Kwa-Zulu Natal resident Kathrin Kidger journeys into the cultures of our beautiful rainbow nation with her latest collection. She explored one of the age-old traditions of lobola and the 2014 Design Indaba will be the stage for the unveiling of this range.
1) What do you most look forward to during Design Indaba?
Meeting other like minded creatives. Interacting with people who understand the challenges of local production, as well as chatting to buyers who understand what your label is about simply at a glance.
2) Can you tell us more about what you’ll be showcasing?
I am constantly fascinated and inspired by the rich and diverse heritage of African woman. One of the traditions that is still deeply embedded in the modern day life of woman living in my province is Lobola. The main motivation behind this now controversial tradition is to bond families with the giving of gifts and cows. One of which is the exchange of clothing and the wearing of bright colours to the ceremonies themselves. These colours are displayed not only in the richness of the cloth that is used to make garments and in brightly coloured blankets, but in the painting of traditional living abodes and the bead work that Africa is so well known for.
This background of both rich tradition and scenic splendour has been the inspiration behind the explosion of colours I have chosen for my range. With the combining of different colours in each garment and intricate panelling I have depicted my roots in this wonderful country, aptly called the Rainbow nation. Celebrating the preservation of our heritage and my love of this fascinating and always controversial continent where I was born and raised.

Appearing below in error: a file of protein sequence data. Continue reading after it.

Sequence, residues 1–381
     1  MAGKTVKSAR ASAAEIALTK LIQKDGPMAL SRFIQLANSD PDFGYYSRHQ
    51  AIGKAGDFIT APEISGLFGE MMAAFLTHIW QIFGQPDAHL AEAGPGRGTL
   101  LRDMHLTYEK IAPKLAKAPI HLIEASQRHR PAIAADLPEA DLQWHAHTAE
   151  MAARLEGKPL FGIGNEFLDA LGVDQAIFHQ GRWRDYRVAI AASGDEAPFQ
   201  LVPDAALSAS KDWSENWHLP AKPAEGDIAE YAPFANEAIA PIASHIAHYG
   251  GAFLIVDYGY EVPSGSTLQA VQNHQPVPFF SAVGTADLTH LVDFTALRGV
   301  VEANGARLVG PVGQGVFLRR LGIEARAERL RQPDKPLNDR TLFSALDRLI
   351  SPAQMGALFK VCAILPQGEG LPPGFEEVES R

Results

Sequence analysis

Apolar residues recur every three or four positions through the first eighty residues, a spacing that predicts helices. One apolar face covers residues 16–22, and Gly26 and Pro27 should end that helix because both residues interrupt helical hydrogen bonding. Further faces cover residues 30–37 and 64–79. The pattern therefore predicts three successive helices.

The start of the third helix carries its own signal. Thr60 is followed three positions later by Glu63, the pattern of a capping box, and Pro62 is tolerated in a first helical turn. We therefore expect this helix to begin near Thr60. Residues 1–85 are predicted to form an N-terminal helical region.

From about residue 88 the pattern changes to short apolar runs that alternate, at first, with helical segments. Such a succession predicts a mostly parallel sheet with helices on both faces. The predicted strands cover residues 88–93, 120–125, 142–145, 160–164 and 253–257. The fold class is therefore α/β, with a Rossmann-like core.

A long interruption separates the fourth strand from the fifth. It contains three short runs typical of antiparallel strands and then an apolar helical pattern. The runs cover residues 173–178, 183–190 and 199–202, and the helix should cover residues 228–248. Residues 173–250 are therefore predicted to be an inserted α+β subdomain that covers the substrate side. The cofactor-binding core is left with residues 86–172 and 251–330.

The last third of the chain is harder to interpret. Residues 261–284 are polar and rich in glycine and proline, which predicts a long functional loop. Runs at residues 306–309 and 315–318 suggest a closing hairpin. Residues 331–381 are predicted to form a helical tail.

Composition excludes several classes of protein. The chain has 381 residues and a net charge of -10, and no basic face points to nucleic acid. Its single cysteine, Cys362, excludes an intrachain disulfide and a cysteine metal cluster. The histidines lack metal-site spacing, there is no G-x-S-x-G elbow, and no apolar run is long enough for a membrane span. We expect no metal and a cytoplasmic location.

3) What inspired this collection?
I will be showcasing a range inspired by the age-old tradition of Lobola.
4) In your opinion, what is the importance of an event such as the Design Indaba?
Design Indaba is an amazing platform on which to not only market a brand but also gives designers the opportunity to showcase concepts and ideas that fall outside the realm of commercialism. It is so important to have a vetted collective designers (across the design board) showcasing to not only a national audience but an international one. It is this process that ensures forums like Design Indaba remain internationally acclaimed.